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Calprotectin Plus Panel for Monitoring GI Inflammation

Calprotectin is an abundant neutrophil protein, and its presence in the stool indicates neutrophilic infiltration into the gut lumen, which is associated with severe inflammation. Elevated fecal calprotectin levels are present in patients with both infectious and inflammatory conditions, including inflammatory bowel disease (IBD).1

IBD, which includes Crohn’s disease and ulcerative colitis, is marked by chronic, recurrent episodes of inflammation in the gastrointestinal (GI) tract. Because the level of inflammation reflects the severity of the disease process, detecting and monitoring the inflammation will support the optimal clinical management of IBD. Fecal calprotectin can aid in this detection and provide a noninvasive means to track disease activity, risk of relapse, and response to treatment.1

Fecal calprotectin values have been shown to directly correlate with endoscopic and histological assessment of disease activity in patients with IBD.1 Levels of fecal calprotectin also correlate well with radio-labeled leukocyte scanning, a costly and invasive procedure formerly used to assess active intestinal inflammation in Crohn’s disease.2

Fecal calprotectin strongly outperforms serum C-reactive protein and other inflammatory markers when evaluating IBD treatment efficacy and predicting disease relapse.3 Therefore, long-term serial calprotectin monitoring at three to six-month intervals in patients with IBD could facilitate the early recognition of an impending disease flare to prevent it or reduce the severity.4

Serial monitoring of calprotectin is also indicated for patients who have had a bowel resection to treat IBD since surgery is not curative for IBD. The prevention of the postoperative recurrence of IBD remains a significant concern for physicians, and Liu et al. determined that fecal calprotectin monitoring reliably detects the recurrence of IBD after ileocolonic resection.5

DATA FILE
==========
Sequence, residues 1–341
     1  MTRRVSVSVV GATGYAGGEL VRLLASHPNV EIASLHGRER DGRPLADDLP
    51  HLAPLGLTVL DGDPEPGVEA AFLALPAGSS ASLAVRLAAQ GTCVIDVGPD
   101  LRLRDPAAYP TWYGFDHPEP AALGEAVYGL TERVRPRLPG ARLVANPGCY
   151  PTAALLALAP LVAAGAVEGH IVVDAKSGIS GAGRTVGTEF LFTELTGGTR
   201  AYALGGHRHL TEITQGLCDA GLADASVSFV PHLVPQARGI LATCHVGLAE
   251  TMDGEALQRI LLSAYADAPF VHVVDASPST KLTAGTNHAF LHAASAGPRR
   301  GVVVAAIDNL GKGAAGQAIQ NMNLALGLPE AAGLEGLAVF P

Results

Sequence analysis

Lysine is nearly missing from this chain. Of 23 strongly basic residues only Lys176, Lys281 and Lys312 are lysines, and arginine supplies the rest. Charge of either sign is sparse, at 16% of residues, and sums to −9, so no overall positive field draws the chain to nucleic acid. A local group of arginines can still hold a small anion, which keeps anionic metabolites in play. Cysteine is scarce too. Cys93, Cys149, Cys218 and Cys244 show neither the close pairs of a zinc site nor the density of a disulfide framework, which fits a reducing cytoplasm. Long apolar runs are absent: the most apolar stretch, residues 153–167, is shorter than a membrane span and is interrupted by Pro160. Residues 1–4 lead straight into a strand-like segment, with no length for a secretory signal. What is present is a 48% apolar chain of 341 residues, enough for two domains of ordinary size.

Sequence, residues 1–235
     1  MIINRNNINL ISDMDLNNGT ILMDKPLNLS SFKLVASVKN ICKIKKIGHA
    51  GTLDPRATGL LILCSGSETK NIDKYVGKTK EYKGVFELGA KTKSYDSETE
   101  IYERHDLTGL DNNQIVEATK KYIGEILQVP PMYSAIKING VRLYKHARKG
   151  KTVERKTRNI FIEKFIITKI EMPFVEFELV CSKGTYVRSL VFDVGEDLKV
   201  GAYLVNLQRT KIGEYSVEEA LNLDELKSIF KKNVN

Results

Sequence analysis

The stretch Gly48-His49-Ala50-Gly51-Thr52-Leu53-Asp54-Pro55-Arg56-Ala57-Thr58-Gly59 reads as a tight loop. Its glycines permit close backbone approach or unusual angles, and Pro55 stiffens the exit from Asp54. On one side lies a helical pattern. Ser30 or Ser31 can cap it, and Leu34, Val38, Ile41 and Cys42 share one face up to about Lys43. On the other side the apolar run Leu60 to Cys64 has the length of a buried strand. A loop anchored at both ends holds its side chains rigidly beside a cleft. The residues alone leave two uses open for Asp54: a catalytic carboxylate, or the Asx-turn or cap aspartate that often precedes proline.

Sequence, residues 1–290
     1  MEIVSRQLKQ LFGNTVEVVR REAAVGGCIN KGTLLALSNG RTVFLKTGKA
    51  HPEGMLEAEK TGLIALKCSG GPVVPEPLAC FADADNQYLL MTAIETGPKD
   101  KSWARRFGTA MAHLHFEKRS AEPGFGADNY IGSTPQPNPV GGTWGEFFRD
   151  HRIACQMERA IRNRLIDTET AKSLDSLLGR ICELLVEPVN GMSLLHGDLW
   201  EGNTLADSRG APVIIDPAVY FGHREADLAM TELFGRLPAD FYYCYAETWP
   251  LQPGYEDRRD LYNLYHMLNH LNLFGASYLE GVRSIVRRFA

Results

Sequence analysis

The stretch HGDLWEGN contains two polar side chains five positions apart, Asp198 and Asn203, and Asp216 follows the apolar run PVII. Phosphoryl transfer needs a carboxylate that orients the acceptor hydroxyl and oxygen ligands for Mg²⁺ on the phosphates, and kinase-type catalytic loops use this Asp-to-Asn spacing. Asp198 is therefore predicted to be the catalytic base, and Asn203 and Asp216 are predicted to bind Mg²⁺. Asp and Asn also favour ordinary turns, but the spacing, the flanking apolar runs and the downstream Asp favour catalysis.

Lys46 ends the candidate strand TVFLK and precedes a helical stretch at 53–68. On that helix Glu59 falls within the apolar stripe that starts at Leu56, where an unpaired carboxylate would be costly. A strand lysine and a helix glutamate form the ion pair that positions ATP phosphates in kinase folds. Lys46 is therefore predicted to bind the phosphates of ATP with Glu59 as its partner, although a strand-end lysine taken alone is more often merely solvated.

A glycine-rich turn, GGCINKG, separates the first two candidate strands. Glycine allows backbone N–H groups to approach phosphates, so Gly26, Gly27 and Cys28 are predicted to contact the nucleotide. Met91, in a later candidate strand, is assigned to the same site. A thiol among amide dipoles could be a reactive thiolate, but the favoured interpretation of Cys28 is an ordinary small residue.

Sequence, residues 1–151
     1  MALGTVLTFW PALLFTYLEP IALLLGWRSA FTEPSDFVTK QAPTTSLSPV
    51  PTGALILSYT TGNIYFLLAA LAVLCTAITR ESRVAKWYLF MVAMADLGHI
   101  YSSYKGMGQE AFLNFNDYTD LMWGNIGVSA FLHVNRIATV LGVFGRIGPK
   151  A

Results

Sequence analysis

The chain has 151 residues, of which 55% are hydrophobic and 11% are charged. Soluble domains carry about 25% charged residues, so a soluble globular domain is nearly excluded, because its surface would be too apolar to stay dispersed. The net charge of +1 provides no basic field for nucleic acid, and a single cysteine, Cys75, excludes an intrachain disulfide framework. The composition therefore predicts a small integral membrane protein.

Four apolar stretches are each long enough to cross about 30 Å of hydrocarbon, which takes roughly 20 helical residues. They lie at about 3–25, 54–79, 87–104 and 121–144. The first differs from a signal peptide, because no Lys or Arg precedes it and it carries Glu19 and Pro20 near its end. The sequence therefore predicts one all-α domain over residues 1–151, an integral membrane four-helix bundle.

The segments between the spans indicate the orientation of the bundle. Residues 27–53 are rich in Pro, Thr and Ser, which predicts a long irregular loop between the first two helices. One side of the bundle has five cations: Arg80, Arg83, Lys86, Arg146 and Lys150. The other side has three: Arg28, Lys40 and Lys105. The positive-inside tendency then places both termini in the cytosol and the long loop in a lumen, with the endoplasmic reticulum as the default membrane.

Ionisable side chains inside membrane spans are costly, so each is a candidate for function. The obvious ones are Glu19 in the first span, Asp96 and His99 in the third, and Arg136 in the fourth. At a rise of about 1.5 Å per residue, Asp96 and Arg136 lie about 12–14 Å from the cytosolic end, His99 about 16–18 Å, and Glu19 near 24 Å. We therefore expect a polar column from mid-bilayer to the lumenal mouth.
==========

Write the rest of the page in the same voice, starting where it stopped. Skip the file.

Our NEW Calprotectin Plus Panel (CPP) provides a convenient and noninvasive option for the serial monitoring of inflammation to thoroughly track disease activity, risk of relapse, and response to treatment for patients who have been diagnosed with IBD and other inflammatory conditions. In addition to fecal calprotectin, the Calprotectin Plus Panel includes total intestinal sIgA, lysozyme, alpha 1-antichymotrypsin, fecal occult blood test (FOBT), and fecal pH assays to provide a comprehensive assessment of inflammation present in the GI tract.

The fecal calprotectin test is also a convenient option to differentiate between irritable bowel syndrome (IBS) and IBD. According to the 2021 American College of Gastroenterology clinical guidelines for the management of IBS, a fecal calprotectin level should always be ordered as part of a comprehensive workup in all patients with gastrointestinal symptoms to rule out inflammatory bowel disease.6

You may order fecal calprotectin as a stand-alone test, as part of the NEW Calprotectin Plus Panel, or as an addition to our Regular and Expanded GI Health Panels.

To place a test order, click here. You will find the Calprotectin Plus Panel listed under the section header GI Functional Markers.

As a reminder, DiagnosTechs can drop ship test kits directly to your patients. You may select this option at the top of the order form.

Please visit our Provider Tools page for more information about Calprotectin and GI health testing.


  1. Konikoff MR, Denson LA. Role of fecal calprotectin as a biomarker of intestinal inflammation in inflammatory bowel disease. Inflamm Bowel Dis. 2006;12(6):524-534.
  2. Røseth AG, Schmidt PN, Fagerhol MK. Correlation between faecal excretion of indium-111-labelled granulocytes and calprotectin, a granulocyte marker protein, in patients with inflammatory bowel disease. Scand J Gastroenterol. 1999;34(1):50-4.
  3. Lewis JD. The utility of biomarkers in the diagnosis and therapy of inflammatory bowel disease. Gastroenterology. 2011;140(6):1817-1826.
  4. Colombel JF, Shin A, Gibson PR. AGA Clinical Practice Update on Functional Gastrointestinal Symptoms in Patients With Inflammatory Bowel Disease: Expert Review. Clin Gastroenterol Hepatol. 2019;17(3):380-390.
  5. Liu R, Guo Z, Cao L, et al. Profile of Consecutive Fecal Calprotectin Levels in the Perioperative Period and Its Predictive Capacity for Early Endoscopic Recurrence in Crohn’s Disease. Dis Colon Rectum. 2019;62(3):318-326.
  6. Lacy BE, Pimentel M, Brenner DM, et al. ACG Clinical Guideline: Management of Irritable Bowel Syndrome. Am J Gastroenterol. 2021;116(1):17-44.